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Sustainable Pearls

Before pearl farming, pearls could only be found in the wild. Thousands of oysters needed to be opened to find just a few pearls, and for centuries, the world’s pearl oysters and mussels were fished in large quantities. This led to the over-exploitation of oyster and mussel stocks.

One such example was the pearl rush that happened around the Mississippi river during the 19th century. When pearls were found in the Upper Mississippi River, it led to a treasure hunt by anybody who wanted to make a quick buck. Millions of mussels were killed in the process until finally there were almost none left. Oysters weren’t valuable only for the pearls but also for the shells which were used to make buttons.
In the early 20th century, researchers discovered a way to produce cultured pearls which ended the large-scale fishing of wild pearls.

The Earth’s water bodies – especially coastal areas – are vulnerable due to climate change, pollution, over-fishing, and the destruction of coral and coastal habitat from unregulated coastal development.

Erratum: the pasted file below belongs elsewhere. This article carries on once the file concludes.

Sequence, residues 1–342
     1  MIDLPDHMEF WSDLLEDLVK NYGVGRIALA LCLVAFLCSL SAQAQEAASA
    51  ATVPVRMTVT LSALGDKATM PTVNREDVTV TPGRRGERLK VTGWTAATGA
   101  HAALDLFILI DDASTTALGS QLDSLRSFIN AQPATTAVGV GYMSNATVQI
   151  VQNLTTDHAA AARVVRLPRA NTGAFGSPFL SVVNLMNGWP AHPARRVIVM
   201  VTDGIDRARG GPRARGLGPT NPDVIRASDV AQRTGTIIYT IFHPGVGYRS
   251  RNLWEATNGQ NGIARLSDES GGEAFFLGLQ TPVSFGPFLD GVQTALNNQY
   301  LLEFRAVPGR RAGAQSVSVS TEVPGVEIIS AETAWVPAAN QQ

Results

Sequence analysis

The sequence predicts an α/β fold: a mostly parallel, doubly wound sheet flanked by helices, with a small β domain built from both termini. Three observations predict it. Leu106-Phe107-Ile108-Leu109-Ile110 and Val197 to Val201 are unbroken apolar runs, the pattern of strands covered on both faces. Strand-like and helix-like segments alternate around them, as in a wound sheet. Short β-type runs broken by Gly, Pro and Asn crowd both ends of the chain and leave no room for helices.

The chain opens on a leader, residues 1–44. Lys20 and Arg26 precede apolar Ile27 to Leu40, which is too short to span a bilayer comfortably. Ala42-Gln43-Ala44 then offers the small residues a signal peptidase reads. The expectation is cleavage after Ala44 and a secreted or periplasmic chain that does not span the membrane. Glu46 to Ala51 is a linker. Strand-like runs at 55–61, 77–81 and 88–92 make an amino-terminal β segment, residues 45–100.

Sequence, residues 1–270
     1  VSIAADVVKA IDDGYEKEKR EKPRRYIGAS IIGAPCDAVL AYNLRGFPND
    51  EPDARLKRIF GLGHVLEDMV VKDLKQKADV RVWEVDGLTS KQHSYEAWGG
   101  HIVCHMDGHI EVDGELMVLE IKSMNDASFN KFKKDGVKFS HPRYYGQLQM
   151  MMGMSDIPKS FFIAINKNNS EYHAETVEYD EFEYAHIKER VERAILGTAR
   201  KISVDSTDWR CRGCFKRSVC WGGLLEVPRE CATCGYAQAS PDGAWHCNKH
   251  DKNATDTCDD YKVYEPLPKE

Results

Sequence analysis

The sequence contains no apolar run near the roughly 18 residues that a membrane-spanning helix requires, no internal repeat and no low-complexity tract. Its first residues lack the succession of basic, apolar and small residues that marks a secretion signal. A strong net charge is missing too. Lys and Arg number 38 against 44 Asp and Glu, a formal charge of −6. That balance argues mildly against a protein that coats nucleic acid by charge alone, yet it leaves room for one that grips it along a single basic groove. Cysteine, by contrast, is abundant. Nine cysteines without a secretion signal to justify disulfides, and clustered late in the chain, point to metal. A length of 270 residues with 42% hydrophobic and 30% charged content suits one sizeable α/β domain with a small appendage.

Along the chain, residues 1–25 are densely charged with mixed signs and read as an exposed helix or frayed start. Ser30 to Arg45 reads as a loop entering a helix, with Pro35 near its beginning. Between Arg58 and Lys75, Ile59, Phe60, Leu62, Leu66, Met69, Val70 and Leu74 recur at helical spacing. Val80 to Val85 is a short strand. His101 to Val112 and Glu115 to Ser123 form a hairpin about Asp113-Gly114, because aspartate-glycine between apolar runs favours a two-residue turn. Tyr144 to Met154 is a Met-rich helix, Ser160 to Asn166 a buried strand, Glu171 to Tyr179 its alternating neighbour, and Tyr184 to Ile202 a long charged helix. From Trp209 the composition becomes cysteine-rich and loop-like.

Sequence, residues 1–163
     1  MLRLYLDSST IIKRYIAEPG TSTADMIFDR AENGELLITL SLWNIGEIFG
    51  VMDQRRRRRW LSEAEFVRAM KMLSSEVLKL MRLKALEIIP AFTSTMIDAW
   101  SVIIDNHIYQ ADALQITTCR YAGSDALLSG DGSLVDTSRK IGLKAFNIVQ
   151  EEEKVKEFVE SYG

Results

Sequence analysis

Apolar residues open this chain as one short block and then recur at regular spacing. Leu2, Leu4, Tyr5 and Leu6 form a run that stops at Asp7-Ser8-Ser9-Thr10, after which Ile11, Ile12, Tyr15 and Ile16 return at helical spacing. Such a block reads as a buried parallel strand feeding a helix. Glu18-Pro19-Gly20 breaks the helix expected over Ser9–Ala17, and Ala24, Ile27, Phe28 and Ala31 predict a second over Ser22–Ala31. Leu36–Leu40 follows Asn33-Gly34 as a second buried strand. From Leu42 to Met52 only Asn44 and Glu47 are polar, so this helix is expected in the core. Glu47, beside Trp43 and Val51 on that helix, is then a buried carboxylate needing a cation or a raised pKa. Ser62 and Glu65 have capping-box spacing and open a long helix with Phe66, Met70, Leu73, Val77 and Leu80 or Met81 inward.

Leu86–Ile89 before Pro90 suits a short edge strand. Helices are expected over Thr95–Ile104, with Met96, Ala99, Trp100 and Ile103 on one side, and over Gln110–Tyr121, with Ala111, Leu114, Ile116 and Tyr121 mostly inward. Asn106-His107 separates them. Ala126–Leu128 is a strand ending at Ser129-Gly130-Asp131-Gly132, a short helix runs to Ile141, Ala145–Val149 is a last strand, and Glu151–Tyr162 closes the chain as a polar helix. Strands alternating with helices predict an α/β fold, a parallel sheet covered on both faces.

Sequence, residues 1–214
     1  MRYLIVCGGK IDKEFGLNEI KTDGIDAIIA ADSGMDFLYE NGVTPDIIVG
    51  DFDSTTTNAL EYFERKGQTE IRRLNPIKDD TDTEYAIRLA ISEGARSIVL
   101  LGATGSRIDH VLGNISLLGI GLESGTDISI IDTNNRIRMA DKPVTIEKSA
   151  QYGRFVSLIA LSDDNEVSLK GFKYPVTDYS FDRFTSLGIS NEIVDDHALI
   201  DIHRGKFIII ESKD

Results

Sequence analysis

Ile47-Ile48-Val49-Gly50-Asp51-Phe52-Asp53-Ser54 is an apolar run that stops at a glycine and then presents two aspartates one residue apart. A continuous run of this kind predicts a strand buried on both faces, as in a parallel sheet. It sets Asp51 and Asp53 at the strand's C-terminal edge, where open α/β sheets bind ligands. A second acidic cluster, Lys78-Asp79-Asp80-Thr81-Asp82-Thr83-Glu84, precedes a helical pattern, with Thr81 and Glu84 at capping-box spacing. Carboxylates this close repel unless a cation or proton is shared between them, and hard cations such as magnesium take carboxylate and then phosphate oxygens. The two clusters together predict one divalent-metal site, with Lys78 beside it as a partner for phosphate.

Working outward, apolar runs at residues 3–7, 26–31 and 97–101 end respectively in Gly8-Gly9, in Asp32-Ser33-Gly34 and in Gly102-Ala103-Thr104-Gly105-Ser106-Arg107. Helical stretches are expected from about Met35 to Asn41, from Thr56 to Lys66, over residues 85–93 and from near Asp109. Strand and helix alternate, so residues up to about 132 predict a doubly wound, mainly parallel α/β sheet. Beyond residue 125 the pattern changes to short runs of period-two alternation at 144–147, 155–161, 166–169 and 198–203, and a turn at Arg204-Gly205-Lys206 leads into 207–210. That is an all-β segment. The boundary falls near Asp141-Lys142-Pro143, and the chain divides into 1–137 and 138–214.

Pearl farming may be the answer to the biodiversity threats our oceans and rivers face. Studies found that where healthy farming practices are employed, there are more fish species, which help maintain biodiversity and also provide nutrients to the oysters. The fish eat encrusted organisms that accumulate in the shells and small fish can hide from their predators between the shells in the oyster cages.

Pearl farming usually has a positive impact on the local economy, too. Pearl farming provides for more job opportunities, so residents don’t need to rely only on fishing as an income, which reduces the risk of over-fishing.

A pearl farmer benefits from maintaining a thriving ecosystem. The more unspoiled the environment, the healthier the oysters and the higher the likelihood of harvesting high-quality pearls. High-quality pearls mean higher profits.